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Nissan Class Action Settlement Details


Nissan Class Action Settlement Details

Note: As of February 8th, 2020, the class settlement opt out deadline has now passed for this legal matter and we are unable to take on new clients. Owners of the vehicles below are encouraged to visit the respective class site for their vehicle to determine their legal rights.


A class action settlement has been announced that will directly impact owners of Nissan vehicles. The Nissan class action settlement will automatically include all owners, past and present, of these vehicles unless they choose to opt out of the class action settlement before the upcoming opt out deadline.

Owners of the following vehicles should also be aware their rights will be impacted unless they take the steps necessary to timely opt out:


– 2013-2016 Nissan Altima (Class Site, Long-Form Notice)

– 2013-17 Nissan Sentra (Class Site, Long-Form Notice)

– 2014-17 Nissan Versa Note, 2012-17 Versa (Class Site, Long-Form Notice)

– 2013-17 Nissan Juke (Class Site, Long-Form Notice)


Given the far-reaching impact the class settlement will have on the legal rights of those current and former Nissan owners, we believe it’s critical that those who may be impacted become familiar with the details. An example of the 40 Page Class Settlement is available by clicking here.

The Nissan class action settlement attempts to provide a resolution to ongoing litigation surrounding transmission problems in these vehicles, specifically the problems owners have experienced with the CVT system. You can learn more about the CVT transmission and how it works by clicking here. You can also read more about the problems owners have had with Nissan vehicles equipped with the CVT transmission by clicking here.

That said, the Nissan  class action settlement provides current and former owners the following:


– An extension of powertrain warranty coverage on vehicles by 24,000 miles or 24 months. This is not added to the existing mileage; powertrain warranty coverage is extended to cover under-warranty repairs until 84 months/84,000 miles from the vehicle’s initial sale.


– Reimbursement of transmission repairs paid out-of-pocket by the owner before the vehicle reached 84 months in age or 84,000 miles. Some exceptions apply if a repair was recommended but not executed within a limited number of miles.


– Former owners who had multiple repairs on their transmission while they had possession to receive a $1,000 voucher towards a future Nissan/Infiniti vehicle, provided they do not pursue reimbursement on repairs.


Notably absent from the settlement is any reimbursement for drops in resale value due to widespread knowledge about CVT issues, any mention of advances in CVT transmission technology which will prevent a future failure before or after this extended warranty period, or an explanation of why the warranty period is limited given the sheer volume of repairs occurring around the deadline. The settlement also does not provide any admission of wrongdoing.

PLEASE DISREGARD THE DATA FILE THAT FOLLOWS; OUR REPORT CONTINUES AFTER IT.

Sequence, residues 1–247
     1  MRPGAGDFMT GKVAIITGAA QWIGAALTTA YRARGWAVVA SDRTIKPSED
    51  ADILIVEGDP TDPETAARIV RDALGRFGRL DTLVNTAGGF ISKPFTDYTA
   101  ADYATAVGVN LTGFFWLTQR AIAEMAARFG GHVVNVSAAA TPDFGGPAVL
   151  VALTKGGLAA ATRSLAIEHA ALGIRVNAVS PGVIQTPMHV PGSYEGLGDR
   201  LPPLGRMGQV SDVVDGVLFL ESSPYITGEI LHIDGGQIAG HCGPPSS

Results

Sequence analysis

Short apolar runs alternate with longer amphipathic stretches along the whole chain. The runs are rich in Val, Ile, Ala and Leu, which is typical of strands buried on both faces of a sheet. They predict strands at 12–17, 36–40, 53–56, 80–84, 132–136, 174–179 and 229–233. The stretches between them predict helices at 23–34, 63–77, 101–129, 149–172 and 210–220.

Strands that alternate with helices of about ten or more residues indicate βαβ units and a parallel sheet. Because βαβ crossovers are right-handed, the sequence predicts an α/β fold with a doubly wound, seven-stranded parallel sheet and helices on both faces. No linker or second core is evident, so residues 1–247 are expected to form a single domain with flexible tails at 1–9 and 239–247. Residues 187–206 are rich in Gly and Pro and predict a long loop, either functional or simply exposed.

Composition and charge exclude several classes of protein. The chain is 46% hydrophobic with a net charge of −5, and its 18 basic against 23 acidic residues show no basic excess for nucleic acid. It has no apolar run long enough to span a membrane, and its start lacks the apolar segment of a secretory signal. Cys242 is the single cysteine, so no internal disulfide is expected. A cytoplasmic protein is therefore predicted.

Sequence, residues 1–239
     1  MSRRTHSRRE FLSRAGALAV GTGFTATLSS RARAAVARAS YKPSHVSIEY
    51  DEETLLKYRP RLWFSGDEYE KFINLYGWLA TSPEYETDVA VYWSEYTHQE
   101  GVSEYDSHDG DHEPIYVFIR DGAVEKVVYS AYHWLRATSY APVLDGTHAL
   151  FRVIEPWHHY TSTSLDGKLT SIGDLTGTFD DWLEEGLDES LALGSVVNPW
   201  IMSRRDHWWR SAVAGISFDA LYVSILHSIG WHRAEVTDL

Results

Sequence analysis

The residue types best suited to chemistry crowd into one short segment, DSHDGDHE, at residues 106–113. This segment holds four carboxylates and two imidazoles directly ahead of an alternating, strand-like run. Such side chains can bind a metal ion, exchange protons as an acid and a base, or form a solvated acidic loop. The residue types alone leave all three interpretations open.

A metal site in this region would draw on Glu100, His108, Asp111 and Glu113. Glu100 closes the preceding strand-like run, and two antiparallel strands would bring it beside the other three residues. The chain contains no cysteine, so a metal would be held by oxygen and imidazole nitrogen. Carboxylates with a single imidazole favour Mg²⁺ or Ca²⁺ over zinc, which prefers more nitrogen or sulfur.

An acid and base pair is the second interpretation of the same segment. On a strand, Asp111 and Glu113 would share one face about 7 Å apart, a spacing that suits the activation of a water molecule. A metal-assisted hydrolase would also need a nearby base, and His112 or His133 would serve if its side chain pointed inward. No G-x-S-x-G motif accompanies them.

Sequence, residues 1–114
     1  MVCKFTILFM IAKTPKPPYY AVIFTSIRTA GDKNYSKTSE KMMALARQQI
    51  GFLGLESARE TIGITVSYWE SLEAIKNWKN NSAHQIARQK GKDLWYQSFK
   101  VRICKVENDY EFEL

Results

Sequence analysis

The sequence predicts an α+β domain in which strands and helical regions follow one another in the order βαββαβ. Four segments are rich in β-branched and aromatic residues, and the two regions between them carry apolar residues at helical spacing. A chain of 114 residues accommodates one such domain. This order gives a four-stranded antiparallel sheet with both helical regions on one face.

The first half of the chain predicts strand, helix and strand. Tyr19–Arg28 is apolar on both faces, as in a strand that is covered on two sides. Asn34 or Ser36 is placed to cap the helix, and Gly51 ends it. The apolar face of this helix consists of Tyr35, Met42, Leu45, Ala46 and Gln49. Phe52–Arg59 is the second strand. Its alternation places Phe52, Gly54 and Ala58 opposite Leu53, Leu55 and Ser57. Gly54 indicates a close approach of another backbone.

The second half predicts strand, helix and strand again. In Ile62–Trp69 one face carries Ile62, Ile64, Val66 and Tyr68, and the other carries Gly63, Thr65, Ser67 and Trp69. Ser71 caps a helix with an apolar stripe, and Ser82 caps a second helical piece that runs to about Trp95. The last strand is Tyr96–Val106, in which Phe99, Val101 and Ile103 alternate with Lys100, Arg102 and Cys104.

One troubling feature of the class action settlement is a requirement for those interested in filing a lemon claim over transmission issues. Those with a vehicle included in the Nissan class action settlement will be required to first submit a claim to the Better Business Bureau (BBB) before they can file a lawsuit. If the BBB determines that a buyback is warranted, Nissan will proceed with a buyback, but for some undetermined value.  More importantly,  it remains to be seen what delays this will cause, or how it will impact the claims of owners able to seek additional damages for their claim that would normally be available, but are not available in the class action settlement. Worse yet, the BBB will likely be overwhelmed by thousands if not hundreds of thousands of potential claims from as many as three million potentially affected owners of these vehicles, resulting in delay you can completely avoid when we file your case within a few weeks. We see this BBB requirement of the Nissan class action settlement as a delay tactic that will only frustrate many already frustrated owners who will then give up, while the concern with their defective transmission will only continue and the available warranty period expires. Then what? That rewards Nissan, and it punishes the owners who placed their trust in Nissan by making their largest or second largest investment in a Nissan product.

We believe owners of these vehicles should seek the advice of legal counsel regarding their individual circumstances as the class action settlement will automatically include all owners who do not opt out by the deadline.

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